The reason why Leishmania parasites are susceptible to organic antimonial drugs, the standard chemotherapeutic agents for over 50 years, apparently lies in the fact that the mammalian stage of the parasite reduces the pentavalent form of the administered drug to a trivalent form that causes parasite death. We have identified and characterized a parasite-specific enzyme that can catalyse the reduction of pentavalent antimonials and may therefore be central to the anti-parasite activity of the drug. The unusual protein, a trimer of two-domain monomers in which each domain has some similarity to the Omega class glutathione S-transferases, is a thiol-dependent reductase (designated TDR1) that converts pentavalent antimonials into trivalent antimonials using glutathione as the reductant. The higher abundance of the enzyme in the mammalian stage of the parasite could explain why this parasite form is more susceptible to the drug.
- glutathione S-transferase
- thiol-dependent reductase
Leishmaniases are a group of parasitic diseases that are prevalent in humans and widespread throughout tropical and subtropical regions (http://who.int/tdr/diseases/leish). Standard chemotherapeutic treatment for more than 50 years has been with pentavalent antimonial formulations (Pentostam, based on sodium stibogluconate, and Glucantime, based on N-methylglucamine antimonite). Although the mode of action of the drugs remains uncertain , the belief is that their toxicity is probably dependent on in vivo conversion of the relatively inert pentavalent form to a more toxic trivalent form [2–5]. Whereas trivalent antimonial compounds are toxic to both amastigotes (the mammalian stage) and promastigotes (the stage that occurs in the sandfly vector) of Leishmania, only amastigotes are susceptible to the pentavalent antimonial drugs [2–4,6–8]. This suggests that only the amastigotes encounter the drug in its toxic form.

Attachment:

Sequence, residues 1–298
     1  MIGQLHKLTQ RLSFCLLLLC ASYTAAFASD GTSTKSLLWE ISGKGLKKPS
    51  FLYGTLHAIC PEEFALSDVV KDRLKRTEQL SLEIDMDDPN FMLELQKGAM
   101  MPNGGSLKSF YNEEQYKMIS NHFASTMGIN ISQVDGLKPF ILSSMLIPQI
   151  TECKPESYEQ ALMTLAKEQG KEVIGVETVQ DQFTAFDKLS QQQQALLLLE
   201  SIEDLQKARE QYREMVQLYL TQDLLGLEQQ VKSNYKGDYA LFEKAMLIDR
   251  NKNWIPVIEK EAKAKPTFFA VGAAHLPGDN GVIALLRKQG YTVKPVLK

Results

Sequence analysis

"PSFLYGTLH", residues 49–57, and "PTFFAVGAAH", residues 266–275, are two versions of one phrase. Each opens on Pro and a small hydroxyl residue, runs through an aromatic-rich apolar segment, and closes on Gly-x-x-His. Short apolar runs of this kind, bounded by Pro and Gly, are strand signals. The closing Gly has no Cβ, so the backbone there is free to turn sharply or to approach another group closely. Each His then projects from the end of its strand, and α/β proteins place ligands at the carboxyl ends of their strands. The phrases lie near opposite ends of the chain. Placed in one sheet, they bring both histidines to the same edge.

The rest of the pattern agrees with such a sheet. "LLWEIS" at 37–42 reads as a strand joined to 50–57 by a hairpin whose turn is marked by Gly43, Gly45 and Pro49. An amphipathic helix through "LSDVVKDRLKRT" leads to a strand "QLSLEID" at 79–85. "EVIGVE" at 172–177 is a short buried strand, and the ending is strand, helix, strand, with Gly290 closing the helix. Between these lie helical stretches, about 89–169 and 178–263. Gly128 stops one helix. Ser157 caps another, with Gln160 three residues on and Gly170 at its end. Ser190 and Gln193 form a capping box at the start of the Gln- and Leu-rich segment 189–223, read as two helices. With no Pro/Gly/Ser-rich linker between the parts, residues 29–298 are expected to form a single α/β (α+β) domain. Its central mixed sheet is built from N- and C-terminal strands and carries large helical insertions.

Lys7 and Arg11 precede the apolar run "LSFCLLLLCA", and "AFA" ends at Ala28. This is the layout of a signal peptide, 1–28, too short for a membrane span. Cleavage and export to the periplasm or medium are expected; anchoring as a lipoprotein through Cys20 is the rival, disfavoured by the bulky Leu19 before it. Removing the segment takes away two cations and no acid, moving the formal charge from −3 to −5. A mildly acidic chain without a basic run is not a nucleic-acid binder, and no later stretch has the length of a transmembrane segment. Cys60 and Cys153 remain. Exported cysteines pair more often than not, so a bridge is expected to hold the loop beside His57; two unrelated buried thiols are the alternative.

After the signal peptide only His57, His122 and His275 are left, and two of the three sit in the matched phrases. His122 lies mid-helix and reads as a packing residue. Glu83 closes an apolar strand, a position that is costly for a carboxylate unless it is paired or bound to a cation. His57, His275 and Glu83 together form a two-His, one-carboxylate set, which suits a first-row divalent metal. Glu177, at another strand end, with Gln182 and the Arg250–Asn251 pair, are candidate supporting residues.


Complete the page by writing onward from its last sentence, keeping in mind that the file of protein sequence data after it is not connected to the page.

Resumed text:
There is continuing speculation as to whether activation of the antimonial drug occurs spontaneously, perhaps as a result of conditions existing either within the parasitophorous vacuole in which the amastigote form of the parasite resides or within the amastigote itself, or whether it is enzymically mediated by an enzyme produced by the amastigote. In support of the former suggestion, there have been reports that pentavalent antimonials can be spontaneously reduced in vitro to a trivalent form by low-molecular-mass thiols such as GSH and the parasite-specific trypanothione [9–11]. This reduction occurred most rapidly at low pH, similar to that of the parasitophorous vacuole and also the parasite's abundant lysosomes . Zilberstein and co-workers  reported that amastigotes of Leishmania donovani are themselves capable of mediating the reduction of pentavalent antimonials when incubated with the drugs in vitro. This activity was not detected with promastigotes and was also lacking in amastigotes of a line selected in vitro for resistance to sodium stibogluconate. Although these findings do not rule out non-enzymic activation, they are consistent with reduction and thereby with activation of the pentavalent drugs mediated by an amastigote-specific enzyme activity, the loss of which could constitute one mechanism of resistance to antimonial drugs.
Cellular metabolism of the semi-metal arsenic, which is closely related to antimony, has been studied quite extensively [13,14]. In many organisms, inorganic arsenic can be converted into arsenite [As(III)] by a specific arsenate reductase. Commonly, this conversion is a prelude to the excretion of arsenite from the cell, to avoid toxicity, via a transporter protein [15,16]. Such transporters have been identified in Leishmania and implicated in resistance to antimonials . However, in some organisms, arsenic reduction constitutes the first step in an arsenic biomethylation pathway by which inorganic arsenic is converted via sequential reduction and methylation reactions into di- and trimethylated species [13,14]. The function of this pathway remains uncertain; the original concept was that the pathway was a detoxification mechanism, but this idea has been questioned by the finding that many of the products are more toxic than the inorganic arsenic itself [18–20].